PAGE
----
Can you explain what “fire-rated floors” offer?

Floors present a unique set of challenges typically because of the weight associated with fire resistive materials.  They do however provide the same type of protection and performance as the horizontal applications.  Fire rated floors lend a dramatic flair to a building’s design.  They are also a creative way to incorporate natural light into a building from above.  Fire rated floors take the mundane and make them a focal point of a buildings design.  SAFTI makes North America’s only top loaded, 120 min floor.  Our frame is the structure eliminating steel around the opening.  Our glass incorporates the walkable surface directly into the rated portion allowing one (1) piece of glass to be set from above.  This design eliminates an airspace which potentially allows for condensation.  It also eliminates steps during installation making it safer and less expensive.

How is it that the system can remain in place for up to two hours?

These transparent barriers incorporate steel for endurance, integrity and durability.  They have two (2) insulating barriers or thermal breaks that prevent heat from transferring from fire side to the unexposed surface of the frame.  The aluminum is purely ornamental to allow the system to mimic the appearance of the non-rated systems comprising the balance of the building.  We have developed and perfected a totally transparent, intumescent polymer that is indistinguishable in its dormant state.  It is activated by heat.  It will expand toward the heat source and break a lite of glass by design.  The heat from the fire will suck the moisture out of the polymer, it will transform from transparent to opaque.  What remains is called a fire resistive “char” and that barrier prevents heat from radiating through the glass.  Thus the entire system stops the transfer of radiant energy up to 120 minutes in compliance with ASTM E119/UL 263/NFPA 251/ULC S101.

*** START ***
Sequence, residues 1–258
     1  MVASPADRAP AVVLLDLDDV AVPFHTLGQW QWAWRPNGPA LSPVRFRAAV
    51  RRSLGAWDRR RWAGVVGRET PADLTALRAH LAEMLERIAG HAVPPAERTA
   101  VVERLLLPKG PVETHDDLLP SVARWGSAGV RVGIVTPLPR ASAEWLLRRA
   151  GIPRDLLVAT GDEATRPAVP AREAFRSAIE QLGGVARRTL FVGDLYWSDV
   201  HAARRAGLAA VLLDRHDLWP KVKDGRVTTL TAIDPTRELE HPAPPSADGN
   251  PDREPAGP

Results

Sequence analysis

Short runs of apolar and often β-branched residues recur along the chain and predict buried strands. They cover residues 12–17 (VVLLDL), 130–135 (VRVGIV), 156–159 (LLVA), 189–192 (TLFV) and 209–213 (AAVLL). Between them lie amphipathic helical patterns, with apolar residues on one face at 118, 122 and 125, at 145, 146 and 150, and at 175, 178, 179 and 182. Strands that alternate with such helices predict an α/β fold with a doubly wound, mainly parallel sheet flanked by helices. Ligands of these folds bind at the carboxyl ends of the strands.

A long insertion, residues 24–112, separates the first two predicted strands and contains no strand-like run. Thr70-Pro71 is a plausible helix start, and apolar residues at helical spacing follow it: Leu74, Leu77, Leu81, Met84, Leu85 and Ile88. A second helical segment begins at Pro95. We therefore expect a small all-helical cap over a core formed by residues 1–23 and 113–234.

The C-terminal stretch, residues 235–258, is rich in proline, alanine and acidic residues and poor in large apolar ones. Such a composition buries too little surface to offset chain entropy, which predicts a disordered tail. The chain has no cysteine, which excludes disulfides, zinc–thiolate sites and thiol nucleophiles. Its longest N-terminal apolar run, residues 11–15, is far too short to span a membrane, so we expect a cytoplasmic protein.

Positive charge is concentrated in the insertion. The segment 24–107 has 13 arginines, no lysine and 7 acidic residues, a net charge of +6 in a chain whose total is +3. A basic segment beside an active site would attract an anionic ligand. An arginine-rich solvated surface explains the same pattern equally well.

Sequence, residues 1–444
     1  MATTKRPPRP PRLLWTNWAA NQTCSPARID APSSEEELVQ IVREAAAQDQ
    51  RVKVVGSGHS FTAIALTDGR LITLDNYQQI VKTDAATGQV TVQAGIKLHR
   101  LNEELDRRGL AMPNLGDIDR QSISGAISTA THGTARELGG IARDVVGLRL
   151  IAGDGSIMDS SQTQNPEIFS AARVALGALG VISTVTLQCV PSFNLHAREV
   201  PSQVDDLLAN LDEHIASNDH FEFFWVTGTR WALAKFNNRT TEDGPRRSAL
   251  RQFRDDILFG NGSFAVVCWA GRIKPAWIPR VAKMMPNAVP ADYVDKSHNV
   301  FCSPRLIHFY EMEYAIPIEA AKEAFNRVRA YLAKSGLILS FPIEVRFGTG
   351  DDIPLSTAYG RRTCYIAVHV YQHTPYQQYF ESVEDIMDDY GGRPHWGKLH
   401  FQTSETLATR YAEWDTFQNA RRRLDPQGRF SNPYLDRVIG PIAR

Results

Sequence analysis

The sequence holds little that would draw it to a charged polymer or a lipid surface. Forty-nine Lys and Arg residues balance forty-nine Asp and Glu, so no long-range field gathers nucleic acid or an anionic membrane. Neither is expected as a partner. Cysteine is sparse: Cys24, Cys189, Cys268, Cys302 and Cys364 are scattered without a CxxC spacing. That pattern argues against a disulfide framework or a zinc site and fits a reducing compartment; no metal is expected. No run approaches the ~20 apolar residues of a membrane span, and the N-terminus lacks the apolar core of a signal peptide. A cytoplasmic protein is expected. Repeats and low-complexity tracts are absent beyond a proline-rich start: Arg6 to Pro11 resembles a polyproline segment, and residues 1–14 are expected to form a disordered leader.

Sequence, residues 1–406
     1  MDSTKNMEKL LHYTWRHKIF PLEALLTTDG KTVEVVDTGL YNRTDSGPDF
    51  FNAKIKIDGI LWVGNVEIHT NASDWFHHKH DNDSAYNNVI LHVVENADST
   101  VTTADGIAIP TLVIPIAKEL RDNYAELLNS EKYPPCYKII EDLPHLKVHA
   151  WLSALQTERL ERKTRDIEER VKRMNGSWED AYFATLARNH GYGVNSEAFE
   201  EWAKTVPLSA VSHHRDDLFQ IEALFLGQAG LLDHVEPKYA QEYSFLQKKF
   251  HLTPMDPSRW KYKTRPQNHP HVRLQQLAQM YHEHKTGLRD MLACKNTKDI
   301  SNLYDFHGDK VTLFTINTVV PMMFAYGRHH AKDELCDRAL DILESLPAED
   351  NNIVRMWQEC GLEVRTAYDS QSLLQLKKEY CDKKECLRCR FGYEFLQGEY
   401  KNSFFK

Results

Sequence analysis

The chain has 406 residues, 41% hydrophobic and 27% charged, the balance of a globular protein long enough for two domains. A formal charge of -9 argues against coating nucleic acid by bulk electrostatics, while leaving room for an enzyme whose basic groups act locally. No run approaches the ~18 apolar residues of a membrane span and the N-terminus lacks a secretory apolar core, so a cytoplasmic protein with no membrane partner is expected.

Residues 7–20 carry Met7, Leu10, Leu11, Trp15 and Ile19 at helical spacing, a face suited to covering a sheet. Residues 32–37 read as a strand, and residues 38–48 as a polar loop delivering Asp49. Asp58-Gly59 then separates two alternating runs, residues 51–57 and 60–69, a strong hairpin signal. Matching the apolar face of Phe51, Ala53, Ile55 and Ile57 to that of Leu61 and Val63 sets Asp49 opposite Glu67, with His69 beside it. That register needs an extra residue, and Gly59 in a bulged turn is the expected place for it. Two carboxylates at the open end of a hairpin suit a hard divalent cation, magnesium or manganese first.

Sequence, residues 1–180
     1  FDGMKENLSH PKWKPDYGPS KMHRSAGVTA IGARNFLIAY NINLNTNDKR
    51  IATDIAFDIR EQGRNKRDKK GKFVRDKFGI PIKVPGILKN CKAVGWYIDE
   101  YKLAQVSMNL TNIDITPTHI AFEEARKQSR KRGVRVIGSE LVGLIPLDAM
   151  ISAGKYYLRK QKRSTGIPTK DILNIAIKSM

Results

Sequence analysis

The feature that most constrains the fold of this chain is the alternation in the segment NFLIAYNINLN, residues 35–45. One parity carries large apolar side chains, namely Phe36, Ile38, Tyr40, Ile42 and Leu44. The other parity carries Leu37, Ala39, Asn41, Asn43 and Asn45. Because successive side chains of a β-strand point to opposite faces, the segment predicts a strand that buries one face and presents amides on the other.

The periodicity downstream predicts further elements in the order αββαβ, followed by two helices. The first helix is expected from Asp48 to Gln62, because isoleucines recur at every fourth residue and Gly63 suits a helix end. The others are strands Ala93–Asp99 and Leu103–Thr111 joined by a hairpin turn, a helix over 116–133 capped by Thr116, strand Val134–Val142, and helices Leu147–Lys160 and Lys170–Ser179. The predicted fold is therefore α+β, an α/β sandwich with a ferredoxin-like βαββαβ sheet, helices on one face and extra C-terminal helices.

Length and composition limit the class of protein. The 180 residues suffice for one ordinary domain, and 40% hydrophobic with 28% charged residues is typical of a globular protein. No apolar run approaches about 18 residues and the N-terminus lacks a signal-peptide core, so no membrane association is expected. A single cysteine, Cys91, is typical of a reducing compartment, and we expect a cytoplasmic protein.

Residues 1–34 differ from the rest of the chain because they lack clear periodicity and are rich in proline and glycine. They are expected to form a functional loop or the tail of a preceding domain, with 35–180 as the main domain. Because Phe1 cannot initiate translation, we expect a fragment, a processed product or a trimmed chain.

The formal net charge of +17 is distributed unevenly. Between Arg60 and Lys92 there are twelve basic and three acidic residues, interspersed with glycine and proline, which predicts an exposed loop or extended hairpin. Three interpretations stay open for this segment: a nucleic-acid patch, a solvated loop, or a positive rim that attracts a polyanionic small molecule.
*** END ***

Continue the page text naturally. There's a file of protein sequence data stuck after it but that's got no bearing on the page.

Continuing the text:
What temperatures can the products withstand in terms of heat?

These products endure some very extreme temperatures in a very unstable environment.  Temperatures can reach 977 degrees Celsius or 1700 degrees Fahrenheit.  These are very highly engineered, complex systems that are designed to give building occupants a chance to leave the building safely, limit the progress and damage of the fire throughout the building or prevent the fire from shifting from one structure to another.  The goal is to give Fire Fighters an opportunity to extinguish the blaze and limit the damage to the building owner. 

Are there special considerations such as not touching the transparent barrier during a fire event, etc. that building occupants must adhere to?

The unexposed surface of the glass and framing cannot exceed 250 F above ambient starting point.  We are still talking potentially 200+ degrees Fahrenheit.  Touching may not be such a good idea, but accidentally brushing up against the system would not prove fatal and much safer to encounter than their non-rated counterparts.  In their dormant state these products should be treated like any other part of fenestration.